• Beanie

    This was a wonderful post, in part because last night I watched the re-run of you and Bourdain here in Cleveland. My husband and I had a great time, watching you two slice up that pig.

  • Rhonda

    Sounds like a great trip.

    I love to hear good things about April Bloomfield. She is one of my Heros and Role Models.

    As for the woman who wanted a non-pork meal in one of David Chang’s establishments — he has gotten a lot of press in the last couple of years. Everyone knows where he stands. It was obviously a stunt.

    No one can be that fucking rude or retarded.

  • EDCinci

    Eggs on pizza can work. Had a pizza in Santa Cristina in the Dolomites a few weeks back–speck, buffalo mozz, basil and 2 eggs. Crisp whole grain crust. Worked out fine. This is a most informative/entertaining blog.

  • Liam O'Malley

    Eggs on pizza = win
    Bourdain, and a No Res show coming = win
    David Chang = win

    Great post. Lovely little tour of the city.

  • Misha

    I love NYC food. Heading to The Little Owl tonight.

    Have you heard of NYC chef and documentary filmmaker Daniel Klein (worked at Bouchon, Applewood and Craft..and The Fat Duck in London) who is doing a online documentary series on local food in the Twin Cities for one year? It’s very cool — travel show meets foodie chef extravaganza.

    • Rhonda


      I just checked out a bit of this.


      Thank you for the info and link.

      This is the kind of work that needs to be done to fill the vapid, putrid, puss oozing hole that the clusterfuck known as the Food Network has created.

      Thank You!

  • luis

    I really envy those farmers out on that river… that’s a great life. Aquaculting Oysters on a clean river. I seem to remember out in Carlsbad California the cooling lagoon for the fosil fuel electric plant would yield a nice temperature water when it mixed in with the cold lagoon water and folks were growing oysters in tanks I don’t remember.. maybe straight up the same way these to new england farmers do it.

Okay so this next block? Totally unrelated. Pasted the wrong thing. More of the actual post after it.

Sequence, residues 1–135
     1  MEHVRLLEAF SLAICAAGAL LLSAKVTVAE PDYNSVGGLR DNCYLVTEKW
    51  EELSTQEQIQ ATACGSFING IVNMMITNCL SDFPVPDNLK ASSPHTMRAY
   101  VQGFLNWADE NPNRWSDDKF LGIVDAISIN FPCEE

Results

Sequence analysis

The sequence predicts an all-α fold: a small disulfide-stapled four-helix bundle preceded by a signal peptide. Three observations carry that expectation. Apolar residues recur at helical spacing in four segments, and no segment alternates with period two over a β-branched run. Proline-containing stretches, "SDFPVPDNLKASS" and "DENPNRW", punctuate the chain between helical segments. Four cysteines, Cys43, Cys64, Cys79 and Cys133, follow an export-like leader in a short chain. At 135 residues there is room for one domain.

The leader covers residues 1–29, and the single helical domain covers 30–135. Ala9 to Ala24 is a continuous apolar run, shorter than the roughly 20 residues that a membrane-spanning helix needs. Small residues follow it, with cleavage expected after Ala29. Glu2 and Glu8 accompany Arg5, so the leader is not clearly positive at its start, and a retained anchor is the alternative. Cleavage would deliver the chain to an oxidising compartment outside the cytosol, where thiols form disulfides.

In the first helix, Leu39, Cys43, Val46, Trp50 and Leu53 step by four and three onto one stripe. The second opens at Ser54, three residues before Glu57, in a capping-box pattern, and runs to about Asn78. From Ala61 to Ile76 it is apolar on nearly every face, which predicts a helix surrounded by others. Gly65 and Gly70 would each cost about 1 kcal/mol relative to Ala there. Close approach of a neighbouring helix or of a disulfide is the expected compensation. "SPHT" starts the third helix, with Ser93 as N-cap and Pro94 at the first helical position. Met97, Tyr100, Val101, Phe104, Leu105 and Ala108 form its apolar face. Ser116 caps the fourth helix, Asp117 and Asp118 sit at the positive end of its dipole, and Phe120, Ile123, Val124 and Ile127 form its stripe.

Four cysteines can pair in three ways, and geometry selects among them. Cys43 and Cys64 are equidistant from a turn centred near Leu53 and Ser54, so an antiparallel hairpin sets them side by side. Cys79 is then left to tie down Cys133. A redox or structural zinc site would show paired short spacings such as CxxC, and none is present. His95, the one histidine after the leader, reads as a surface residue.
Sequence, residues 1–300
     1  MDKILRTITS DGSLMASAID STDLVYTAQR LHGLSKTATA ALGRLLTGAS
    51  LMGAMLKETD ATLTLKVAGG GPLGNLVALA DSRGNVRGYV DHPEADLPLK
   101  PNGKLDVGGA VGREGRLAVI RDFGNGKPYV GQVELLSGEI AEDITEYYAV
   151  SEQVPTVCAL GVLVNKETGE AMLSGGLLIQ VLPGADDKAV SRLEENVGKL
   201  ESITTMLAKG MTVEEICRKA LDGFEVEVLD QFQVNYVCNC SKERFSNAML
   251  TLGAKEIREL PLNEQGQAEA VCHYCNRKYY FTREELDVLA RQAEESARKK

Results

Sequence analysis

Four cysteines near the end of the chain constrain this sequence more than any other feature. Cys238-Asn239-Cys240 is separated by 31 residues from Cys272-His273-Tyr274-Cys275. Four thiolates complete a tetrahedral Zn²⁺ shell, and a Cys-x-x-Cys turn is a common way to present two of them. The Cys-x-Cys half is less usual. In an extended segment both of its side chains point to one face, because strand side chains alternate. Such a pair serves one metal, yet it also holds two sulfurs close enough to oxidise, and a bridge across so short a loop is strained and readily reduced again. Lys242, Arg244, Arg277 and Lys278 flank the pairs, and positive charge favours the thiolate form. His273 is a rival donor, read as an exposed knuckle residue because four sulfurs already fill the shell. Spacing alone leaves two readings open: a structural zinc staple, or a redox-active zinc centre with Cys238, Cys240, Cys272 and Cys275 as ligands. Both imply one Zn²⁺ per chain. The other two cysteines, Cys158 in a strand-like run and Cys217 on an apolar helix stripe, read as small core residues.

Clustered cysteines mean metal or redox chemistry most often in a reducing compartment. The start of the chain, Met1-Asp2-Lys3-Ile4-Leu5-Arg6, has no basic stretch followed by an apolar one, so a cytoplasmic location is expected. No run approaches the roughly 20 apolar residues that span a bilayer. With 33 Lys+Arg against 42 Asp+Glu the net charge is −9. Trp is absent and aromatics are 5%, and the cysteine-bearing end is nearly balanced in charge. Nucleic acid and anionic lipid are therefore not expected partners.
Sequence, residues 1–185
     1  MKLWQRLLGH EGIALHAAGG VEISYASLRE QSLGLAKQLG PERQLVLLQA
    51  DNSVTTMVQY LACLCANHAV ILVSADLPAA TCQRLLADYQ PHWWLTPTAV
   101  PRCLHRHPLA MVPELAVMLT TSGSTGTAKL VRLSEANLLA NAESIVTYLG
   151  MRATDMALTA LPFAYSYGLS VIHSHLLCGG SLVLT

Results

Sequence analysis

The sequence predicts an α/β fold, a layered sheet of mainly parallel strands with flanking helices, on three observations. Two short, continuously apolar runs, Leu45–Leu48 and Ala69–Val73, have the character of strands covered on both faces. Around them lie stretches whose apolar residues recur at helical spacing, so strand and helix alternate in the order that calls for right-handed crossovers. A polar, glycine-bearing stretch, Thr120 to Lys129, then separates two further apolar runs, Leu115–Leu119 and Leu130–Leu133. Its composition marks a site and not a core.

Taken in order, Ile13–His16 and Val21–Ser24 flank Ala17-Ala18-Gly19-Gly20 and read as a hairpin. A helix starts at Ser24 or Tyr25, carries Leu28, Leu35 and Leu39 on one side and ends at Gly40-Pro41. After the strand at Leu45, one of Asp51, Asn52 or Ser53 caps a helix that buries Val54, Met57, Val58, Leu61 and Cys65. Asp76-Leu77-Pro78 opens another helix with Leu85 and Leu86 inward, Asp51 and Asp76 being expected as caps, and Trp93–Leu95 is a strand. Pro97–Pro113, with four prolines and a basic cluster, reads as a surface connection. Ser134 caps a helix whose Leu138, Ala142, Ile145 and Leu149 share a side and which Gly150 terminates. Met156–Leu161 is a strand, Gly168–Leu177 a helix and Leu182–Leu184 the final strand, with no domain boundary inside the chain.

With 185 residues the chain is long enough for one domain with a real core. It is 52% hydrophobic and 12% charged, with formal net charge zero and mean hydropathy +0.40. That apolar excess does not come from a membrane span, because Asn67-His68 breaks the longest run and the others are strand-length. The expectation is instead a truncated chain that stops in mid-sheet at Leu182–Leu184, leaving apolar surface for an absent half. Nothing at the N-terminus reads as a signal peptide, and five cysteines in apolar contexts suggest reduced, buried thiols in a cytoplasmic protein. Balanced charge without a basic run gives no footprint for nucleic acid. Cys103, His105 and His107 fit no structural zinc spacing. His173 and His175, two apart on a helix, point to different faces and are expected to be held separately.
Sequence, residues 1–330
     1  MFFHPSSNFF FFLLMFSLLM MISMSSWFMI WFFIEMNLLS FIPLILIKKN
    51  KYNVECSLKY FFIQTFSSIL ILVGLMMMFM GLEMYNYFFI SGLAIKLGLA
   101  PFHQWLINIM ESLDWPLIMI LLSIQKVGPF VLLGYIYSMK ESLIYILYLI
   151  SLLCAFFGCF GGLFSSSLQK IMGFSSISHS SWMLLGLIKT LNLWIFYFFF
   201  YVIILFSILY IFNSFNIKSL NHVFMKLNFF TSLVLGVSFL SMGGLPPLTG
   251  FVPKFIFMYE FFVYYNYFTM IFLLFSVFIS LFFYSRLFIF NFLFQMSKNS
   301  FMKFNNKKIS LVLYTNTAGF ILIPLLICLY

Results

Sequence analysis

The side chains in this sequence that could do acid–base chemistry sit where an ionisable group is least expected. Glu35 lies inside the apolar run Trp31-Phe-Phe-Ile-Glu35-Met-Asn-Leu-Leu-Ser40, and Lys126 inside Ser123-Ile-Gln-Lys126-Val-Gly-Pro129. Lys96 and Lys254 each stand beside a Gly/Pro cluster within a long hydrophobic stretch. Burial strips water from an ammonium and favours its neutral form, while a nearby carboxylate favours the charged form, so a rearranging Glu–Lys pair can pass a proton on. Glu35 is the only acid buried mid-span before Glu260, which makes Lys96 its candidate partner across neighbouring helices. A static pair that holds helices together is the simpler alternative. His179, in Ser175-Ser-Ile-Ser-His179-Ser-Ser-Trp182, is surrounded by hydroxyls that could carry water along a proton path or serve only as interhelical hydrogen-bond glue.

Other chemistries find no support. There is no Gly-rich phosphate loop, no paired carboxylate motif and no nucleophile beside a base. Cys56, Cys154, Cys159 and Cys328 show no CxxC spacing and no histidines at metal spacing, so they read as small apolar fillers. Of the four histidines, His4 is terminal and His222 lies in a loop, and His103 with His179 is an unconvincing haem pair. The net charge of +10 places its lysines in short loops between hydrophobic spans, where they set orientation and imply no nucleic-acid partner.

The oysters were Humongous in size. Big as your fist I think. Wonder what became of that farm? The algae must have been blooming like on steroids crazy in the warm lagoon water…They may have started that farm just tokeep the algae from over running that lagoon and fouling the equipment in the lagoon.

  • Collette

    I’m currently listening to AB read his “Medium Raw” on my iPod right now, so I feel as if I’m spending a few days with him and his F— Patois as well. He’s fabulously entertaining about “Food Porn” and it’s good to know he’s a technician as well as a critic.

    As an aside, thank you so much for the Ratio iPhone App. My 10 year old son had a friend over yesterday and because of some leftover apples I had from another cooking project, I showed the boys how to whip up dough to make apple turnovers, and didn’t have a mound of pie dough leftover to use for something I didn’t need. By the time the boys attacked the dough, tined the edges closed and poked vent holes like they were using bayonets, they weren’t the prettiest turnovers you’ve ever seen, but they must have been good because they gobbled them down as soon as they were cool enough to eat. Baking may now be as cool as skateboarding to these two!

  • Kleinperson

    How about a trip led by you and Donna to bite The Big Apple?! Sign me up
    when all my friends discuss retiring to Az or Fl. Which many already have, I say NYC. I love it and I can walk everywhere when they rake the car away!